Skam and its International Appeal

New show, who dis?

I can distinctly remember the day I started watching Skam because it was the day after the American presidential election. I guess I was in some sort of shock so I distracted myself from those feelings by starting a new TV show, as I usually do. Little did I know that would be the day I’d become crazily obsessed with a Norwegian teen drama.
I had been seeing Skam around social media for a few days, on my Twitter feed and Tumblr dashboard. I didn’t know if it was a movie or a TV show, or if it was even in English. Google led me to find out that Skam was a Norwegian TV show (skam meaning “shame”) created by the national broadcasting company NRK. It was a teenage coming of age drama. Each season was centered on a single character and their own story, like how Skins focuses on a certain character per episode. Basically, I assumed it was like every other American teen show ever made, but set in Norway.
However, there were very few articles or pages about it. I found no trailers on YouTube. The only places that gave me enough information were IMDB and some English language website from Norway. From what I could tell, the show featured a lot of partying, a lot of underage drinking, and the general teen drama and angst you find in these types of shows.
The mystery of it all piqued my curiosity. So I decided to start the show. It seemed that Skam was becoming more and more popular internationally, and people had started adding English subtitles to the episodes. I was able to find subbed episodes quite easily. Was it legal? I’m not entirely sure. But I’m definitely grateful for the people who added subtitles.
Skam had me completely hooked after the first episode. I binged it all in a week. It takes place at Hartvig Nissen, a high school in Oslo, and every season, a new character deals with the feeling of shame and general teenage struggles in their own way. There’s also a lot of talk about a Norwegian graduation tradition known as Russefeiring (honestly, just Google it).
The first season focuses on Eva, and her struggle to fit in at her new high school. She has been shunned by her friends, and is trying to make new ones. She also deals with the insecurities she feels with her boyfriend, Jonas. During Eva’s season, we see how important strong female friendships are, how personal growth can be challenging, but rewarding, and how important it is to value your own opinion.image The second season is about Noora, Eva’s new friend. Noora is a feminist, who has caught the eye of the pretentious and popular pretty boy, William. The two are almost polar opposites of each other, and though she vehemently denies it, Noora definitely has feelings of some sort for William.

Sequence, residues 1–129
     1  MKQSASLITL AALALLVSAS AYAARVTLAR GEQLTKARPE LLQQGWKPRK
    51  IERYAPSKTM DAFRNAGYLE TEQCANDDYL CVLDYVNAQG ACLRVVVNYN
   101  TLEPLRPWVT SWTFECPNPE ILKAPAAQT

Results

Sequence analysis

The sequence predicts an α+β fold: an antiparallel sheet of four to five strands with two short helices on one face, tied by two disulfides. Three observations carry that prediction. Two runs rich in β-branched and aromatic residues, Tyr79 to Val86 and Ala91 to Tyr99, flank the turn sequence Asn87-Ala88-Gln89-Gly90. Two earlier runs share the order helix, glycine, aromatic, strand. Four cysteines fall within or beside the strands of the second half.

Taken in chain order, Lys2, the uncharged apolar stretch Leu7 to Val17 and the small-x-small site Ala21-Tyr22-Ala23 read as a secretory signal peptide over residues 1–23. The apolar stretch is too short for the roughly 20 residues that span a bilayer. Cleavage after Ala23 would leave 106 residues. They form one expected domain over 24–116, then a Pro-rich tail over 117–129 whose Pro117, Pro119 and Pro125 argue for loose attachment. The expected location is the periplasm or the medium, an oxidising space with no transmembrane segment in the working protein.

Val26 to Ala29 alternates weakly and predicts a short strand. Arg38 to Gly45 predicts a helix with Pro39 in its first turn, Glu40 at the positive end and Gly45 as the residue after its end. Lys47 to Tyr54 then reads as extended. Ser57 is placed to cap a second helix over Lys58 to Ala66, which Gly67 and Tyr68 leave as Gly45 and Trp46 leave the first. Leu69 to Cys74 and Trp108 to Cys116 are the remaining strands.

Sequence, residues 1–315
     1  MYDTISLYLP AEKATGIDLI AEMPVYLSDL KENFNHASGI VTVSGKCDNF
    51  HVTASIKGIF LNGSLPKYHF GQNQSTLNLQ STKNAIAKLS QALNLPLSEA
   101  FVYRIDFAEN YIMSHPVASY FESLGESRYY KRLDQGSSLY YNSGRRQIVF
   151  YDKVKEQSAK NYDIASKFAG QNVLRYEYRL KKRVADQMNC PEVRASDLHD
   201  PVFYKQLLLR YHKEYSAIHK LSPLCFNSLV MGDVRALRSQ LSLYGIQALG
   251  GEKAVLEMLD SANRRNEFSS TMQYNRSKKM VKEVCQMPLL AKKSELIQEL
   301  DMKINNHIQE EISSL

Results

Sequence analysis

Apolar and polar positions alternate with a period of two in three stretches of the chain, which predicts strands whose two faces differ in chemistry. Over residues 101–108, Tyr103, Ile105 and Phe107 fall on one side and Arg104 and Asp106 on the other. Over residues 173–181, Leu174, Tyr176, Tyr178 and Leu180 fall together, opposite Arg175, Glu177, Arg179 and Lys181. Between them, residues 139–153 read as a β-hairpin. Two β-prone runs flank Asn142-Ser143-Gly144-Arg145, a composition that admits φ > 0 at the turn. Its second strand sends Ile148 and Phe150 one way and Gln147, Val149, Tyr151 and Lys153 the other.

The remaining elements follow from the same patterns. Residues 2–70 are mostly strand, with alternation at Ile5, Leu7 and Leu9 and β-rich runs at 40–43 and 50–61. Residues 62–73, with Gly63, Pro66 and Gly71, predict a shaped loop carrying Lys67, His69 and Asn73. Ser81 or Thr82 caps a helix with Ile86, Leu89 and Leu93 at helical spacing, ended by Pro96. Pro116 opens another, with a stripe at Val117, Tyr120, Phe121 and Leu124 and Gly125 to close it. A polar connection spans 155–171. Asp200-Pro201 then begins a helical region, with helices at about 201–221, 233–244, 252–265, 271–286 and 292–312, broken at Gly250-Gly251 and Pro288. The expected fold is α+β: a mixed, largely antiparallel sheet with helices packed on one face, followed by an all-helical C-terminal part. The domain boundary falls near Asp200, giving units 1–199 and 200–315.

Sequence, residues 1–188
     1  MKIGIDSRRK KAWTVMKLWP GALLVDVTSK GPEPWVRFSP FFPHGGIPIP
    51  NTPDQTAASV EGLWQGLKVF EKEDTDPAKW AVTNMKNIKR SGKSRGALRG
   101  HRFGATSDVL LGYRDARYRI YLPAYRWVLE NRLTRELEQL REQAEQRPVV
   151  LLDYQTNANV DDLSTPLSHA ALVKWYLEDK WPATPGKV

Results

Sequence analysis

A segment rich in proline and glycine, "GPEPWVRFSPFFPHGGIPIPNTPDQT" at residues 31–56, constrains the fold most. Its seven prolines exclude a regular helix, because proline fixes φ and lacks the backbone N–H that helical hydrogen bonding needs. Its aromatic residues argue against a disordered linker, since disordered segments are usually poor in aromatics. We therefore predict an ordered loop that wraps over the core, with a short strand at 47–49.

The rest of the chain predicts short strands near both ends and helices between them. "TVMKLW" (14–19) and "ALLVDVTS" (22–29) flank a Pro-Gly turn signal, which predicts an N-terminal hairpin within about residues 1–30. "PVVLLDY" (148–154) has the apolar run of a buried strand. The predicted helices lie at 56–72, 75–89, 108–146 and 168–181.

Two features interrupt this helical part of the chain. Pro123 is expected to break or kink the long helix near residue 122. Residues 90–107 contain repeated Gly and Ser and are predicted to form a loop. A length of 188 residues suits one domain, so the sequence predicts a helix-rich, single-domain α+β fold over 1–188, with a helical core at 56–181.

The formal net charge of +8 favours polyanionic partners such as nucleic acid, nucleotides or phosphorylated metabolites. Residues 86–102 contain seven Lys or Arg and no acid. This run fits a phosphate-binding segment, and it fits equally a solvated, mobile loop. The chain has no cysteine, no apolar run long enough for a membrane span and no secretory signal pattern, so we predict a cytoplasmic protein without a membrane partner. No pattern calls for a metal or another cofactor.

The third and latest season is arguably what brought Skam to its current level of popularity. It focuses on Isak, a teenage boy who struggles with his sexuality, especially once he develops a crush on Even, a boy from his school. His coming out story is one that many have experienced, and deals with the challenges of being accepted by yourself and others.imageWhat makes Skam so different from most shows is its unique delivery. Every day, a new clip is posted on the NRK TV website at real time. For example, if a scene takes place at lunch on a Monday, or at a party on a Friday night, that’s when the clip is posted. The website also shares text messages sent between the characters, and they have Instagram accounts that fans can follow. It really connects and submerses fans to the characters’ worlds.

One of the reasons I, and so many others teens, enjoyed Skam so much is because of its accurate and well-developed portrayal of teenage life. The very real personal and social problems that many teens face are addressed. The importance of platonic friendships, especially female ones, is personally what I find refreshing. It has also given a beautiful representation of important topics that youth face today. The show has accurately covered subjects such as homophobia, feminism, LGBT relationships, mental illness, rape, and eating disorders, in a way that does not demonize or objectify them.
Islamophobia is also addressed, an issue that is especially relevant these days, considering Donald Trump’s controversial views on Muslim immigrants. One of the characters Sana, a proud Muslim teenager and a fan favourite, is unapologetic about her beliefs. She doesn’t hide her Islamic beliefs, or her preference to wear the hijab, which is rare to see on television. She also gives amazing advice. In season two, Sana drops major truth bombs, stating, “War doesn’t start with violence. It starts with misunderstanding and prejudice. If you say you’re in favour of a world full of peace, you have to try to understand why others think and act the way they do. You have to accept that not everyone sees the world the way you do. You can’t just believe that everyone has the answers to what is right and wrong.”
Skam has resonated with many people for telling it like it is. Like most shows, it has its flaws, specifically its lack of racially diverse characters. However, it has portrayed the teenage life without holding back. You don’t need to be from Norway to understand how brutally honest and truthful it is. Skam doesn’t dance around sensitive topics; it puts them right in the spotlight and finds a way to relate them to the youth.
If anything, Skam has proved not to underestimate teenagers. We deal with many of our own personal and social insecurities, we make mistakes and learn from them, and we know how hard it is to grow up. These are universal feelings, not unique to only Norway. It’s easy to relate to this show because it doesn’t patronize the teenage life; it portrays growing up unfiltered, as it should be.

By Emily Reynolds